Nicolas Tenzer is a French academic, writer, editor, the current editor of the journal Le Banquet, and is the founding president of the Centre d’étude et de réflexion pour l’action politique (CERAP). He was a director of the Aspen Institute from 2010 to 2015. Radio Free Europe’s Georgian Service sat down with him to discuss the recent US intelligence leak, the West’s commitment to Ukraine, and Georgia’s stance on EU alignment.
Let’s start with the recent US intelligence leak – what impact is it going to have on the war?
It won’t make any kind of difference, because the strategy has already been decided by the US and allies. The real question here is up to what point the US and allies will continue to help Ukraine. For the moment, in my view, the allies remain halfway in support; they are contemplating, watching it from the outside. Basically, we are, in a way, spectators: of course, we continue to provide Ukraine with a lot of weapons, munitions, but we will only do so up to a certain point. And for me, this is a problem. From this perspective, the leaks don’t change anything, especially when they say that it will be very difficult for Ukraine to launch a new massive offensive to retake Crimea and so on – the question here isn’t whether Ukraine will be able to do so or not, the question is whether we’ll help Ukraine to do so.
It would be wise for the US and the allies not to buy into the Russian narratives about the so-called red lines, especially on Crimea. For 22 years now, Putin has been allowed to win all these wars. And since 2022, he’s not been allowed to do that. But having said that, there are also divergences in the West, not only in the wording, but also the implications: first, we said we had to defend Ukraine. Okay, good. Now, we are saying: we have to make Ukraine win. Okay. But you have two differences amongst the allies on what Ukraine’s victory actually means. For me, Ukraine’s victory entails the following: First, Ukraine must retake all its territories, including Crimea, no special status for Crimea; Second: full punishment for war crimes, crimes against humanity, genocide and crime of aggression, all four categories; Third: repatriation of all deported Ukrainians, the refugees, especially the children. The fourth thing is, of course, the reparations, Russia paying for damages, a seizure of all the assets, including the central bank assets. And the fifth would be security guarantees for Ukraine. By that I mean, a kind of Article Five + of NATO Treaty.
The second point of divergence is about the fate of Russia. For me, it’s important not only for Ukraine to win the war, but also for Russia to radically lose the war. And I think not only to lose in Ukraine, but also to lose in Georgia, to lose in Belarus, to lose in Syria, in Moldova, etc. And I think that’s absolute key point.
This total Ukrainian victory and total defeat for Russia you describe – Do you think it’s realistic and achievable?
Yes, definitely. Yes. I think it’s achievable. I am from the so-called realist school in international relations. Not the pseudo-realists, like Mearscheimer and co, that’s fake realism. The realist has to consider what is achievable. And if we consider the immensity of the US military powers, plus, of course, the military prowess of the UK, of the important EU countries, it’s achievable. I am not saying that we have to send troops, to capture Moscow. The victory in 2023 will not resemble the victory in 1945. We are not in this kind of scenario. But I do believe that we have certainly the means, if we so want – that is the question.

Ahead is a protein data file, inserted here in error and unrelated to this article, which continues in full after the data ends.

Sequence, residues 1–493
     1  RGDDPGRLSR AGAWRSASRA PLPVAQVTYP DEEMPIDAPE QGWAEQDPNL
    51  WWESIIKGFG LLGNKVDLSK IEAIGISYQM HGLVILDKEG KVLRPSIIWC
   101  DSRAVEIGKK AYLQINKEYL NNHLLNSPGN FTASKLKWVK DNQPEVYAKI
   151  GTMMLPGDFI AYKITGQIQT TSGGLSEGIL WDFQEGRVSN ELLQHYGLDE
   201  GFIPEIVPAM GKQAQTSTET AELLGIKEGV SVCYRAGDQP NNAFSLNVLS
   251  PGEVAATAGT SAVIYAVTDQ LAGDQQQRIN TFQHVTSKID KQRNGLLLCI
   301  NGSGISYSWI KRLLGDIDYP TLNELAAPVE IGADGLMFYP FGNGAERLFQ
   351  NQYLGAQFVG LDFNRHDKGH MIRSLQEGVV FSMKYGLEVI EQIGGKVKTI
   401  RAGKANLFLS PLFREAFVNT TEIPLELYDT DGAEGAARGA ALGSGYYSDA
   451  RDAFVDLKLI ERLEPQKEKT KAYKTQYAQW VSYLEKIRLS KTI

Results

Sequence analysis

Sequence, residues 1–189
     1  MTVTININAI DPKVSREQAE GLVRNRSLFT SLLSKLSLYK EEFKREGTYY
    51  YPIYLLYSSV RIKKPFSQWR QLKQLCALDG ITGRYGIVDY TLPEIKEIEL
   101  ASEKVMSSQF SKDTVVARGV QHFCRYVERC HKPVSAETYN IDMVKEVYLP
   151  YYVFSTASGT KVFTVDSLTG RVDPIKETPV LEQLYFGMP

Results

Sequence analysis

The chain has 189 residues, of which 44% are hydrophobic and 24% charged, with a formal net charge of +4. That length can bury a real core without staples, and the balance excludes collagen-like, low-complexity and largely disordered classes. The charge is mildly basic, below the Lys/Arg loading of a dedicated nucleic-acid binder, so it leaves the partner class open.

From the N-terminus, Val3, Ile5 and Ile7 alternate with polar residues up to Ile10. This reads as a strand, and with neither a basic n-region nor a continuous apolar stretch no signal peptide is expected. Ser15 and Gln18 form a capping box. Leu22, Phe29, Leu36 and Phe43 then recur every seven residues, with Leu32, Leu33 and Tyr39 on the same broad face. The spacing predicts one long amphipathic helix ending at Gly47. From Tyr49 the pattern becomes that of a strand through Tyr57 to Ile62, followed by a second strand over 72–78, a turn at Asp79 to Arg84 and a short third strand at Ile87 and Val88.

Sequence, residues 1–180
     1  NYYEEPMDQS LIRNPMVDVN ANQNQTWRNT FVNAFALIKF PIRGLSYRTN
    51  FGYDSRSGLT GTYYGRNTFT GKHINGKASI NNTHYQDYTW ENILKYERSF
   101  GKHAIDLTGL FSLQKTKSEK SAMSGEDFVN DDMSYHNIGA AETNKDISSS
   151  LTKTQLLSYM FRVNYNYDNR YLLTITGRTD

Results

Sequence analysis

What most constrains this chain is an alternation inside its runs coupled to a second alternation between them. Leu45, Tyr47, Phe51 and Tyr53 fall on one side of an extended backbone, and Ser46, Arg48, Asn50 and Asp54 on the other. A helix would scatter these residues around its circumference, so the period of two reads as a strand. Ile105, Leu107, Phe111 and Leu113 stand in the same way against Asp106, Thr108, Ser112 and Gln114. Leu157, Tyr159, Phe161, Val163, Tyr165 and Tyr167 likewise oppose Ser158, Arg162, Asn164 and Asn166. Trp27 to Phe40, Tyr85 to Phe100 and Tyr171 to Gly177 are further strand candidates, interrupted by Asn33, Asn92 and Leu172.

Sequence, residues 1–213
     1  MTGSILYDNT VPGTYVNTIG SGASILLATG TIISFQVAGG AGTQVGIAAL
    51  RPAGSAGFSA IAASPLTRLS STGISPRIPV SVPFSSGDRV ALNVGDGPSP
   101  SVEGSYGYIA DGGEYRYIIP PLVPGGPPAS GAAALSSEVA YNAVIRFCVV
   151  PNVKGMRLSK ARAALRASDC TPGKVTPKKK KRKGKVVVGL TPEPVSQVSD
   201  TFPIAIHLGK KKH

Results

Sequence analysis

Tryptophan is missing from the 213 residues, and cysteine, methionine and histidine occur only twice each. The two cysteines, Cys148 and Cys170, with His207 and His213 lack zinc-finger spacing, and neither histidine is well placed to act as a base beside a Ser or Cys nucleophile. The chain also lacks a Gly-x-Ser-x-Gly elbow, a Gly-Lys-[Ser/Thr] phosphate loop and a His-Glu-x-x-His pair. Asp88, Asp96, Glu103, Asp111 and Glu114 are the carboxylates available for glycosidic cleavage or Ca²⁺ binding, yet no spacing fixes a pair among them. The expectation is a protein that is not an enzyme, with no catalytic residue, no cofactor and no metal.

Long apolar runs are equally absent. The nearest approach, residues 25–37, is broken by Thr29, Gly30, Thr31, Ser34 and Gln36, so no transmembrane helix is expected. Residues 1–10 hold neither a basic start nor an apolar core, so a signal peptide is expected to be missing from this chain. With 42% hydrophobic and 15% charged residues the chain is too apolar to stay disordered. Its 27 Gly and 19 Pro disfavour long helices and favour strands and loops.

The real question here is up to what point the US and allies will continue to help Ukraine
In realistic terms, it’s militarily and politically achievable. What I don’t know is whether Mr. Biden or Mr. Macron and Mr. Scholtz really do have the will to do so. I’m not sure they have the full awareness of two things. First of all, the long lasting threat that Putin’s Russia or Russia with another guy, even if isn’t Putin himself, poses to the old world. The second is the immensity of crimes committed by Putin’s Russia for 23 years. When it comes to Russia, the crime is the message.
The crime is the purpose. The crime is the DNA of the Russian regime, not saying of Russia itself.
On the security guarantees you mentioned, Ukraine has been literally begging for them ahead of the upcoming NATO Summit. Do you think it will get them?
What would those look like? It could be NATO membership, a MAP offer. But we have to know that Article Five is not automatically triggered. That’s why I said “Article Five plus.” We must have a full guarantee that if Ukraine is attacked, again, troops will be sent there to defend it. Then there is the second thing, which isn’t necessarily an alternative to NATO, but which is probably the best way right now to offer security guarantees to Ukraine – we could station troops in Ukraine, NATO troops, from both the US and Europe, could be the UK, Baltic States, Poland etc., permanently stationed in Ukraine.
And speaking as a self-professed realist, how likely do you think that is?